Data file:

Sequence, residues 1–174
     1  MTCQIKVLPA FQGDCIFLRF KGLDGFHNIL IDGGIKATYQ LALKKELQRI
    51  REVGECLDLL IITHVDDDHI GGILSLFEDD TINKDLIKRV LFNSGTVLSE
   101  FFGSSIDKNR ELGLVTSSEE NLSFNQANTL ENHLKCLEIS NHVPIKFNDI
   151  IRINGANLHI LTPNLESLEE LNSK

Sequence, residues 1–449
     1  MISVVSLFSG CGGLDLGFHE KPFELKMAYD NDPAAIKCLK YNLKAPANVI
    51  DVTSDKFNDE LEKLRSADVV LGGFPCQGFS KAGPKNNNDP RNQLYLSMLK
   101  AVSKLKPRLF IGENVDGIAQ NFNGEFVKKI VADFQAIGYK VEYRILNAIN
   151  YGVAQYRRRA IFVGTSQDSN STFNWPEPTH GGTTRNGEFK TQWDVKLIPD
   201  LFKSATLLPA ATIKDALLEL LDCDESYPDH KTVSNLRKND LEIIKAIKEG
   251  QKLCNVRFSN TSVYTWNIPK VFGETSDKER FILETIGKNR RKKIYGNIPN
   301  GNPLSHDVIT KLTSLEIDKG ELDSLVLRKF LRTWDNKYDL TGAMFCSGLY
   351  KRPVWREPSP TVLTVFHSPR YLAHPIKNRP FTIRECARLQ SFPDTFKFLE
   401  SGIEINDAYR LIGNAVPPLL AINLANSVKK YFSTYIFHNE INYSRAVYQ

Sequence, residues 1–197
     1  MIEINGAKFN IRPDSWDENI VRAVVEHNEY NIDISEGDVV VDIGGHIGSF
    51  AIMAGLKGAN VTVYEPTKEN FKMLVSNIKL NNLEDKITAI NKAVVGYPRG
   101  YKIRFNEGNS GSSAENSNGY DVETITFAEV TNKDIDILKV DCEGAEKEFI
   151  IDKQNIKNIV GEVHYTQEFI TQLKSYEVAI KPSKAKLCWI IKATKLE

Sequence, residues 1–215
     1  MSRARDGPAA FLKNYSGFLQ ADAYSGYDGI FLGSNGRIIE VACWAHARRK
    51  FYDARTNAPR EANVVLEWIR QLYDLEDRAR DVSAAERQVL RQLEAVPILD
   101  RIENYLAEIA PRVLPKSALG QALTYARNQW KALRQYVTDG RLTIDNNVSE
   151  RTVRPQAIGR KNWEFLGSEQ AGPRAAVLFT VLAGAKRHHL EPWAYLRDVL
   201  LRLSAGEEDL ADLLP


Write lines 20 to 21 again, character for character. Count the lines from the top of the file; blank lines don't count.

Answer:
   151  IDKQNIKNIV GEVHYTQEFI TQLKSYEVAI KPSKAKLCWI IKATKLE

Sequence, residues 1–215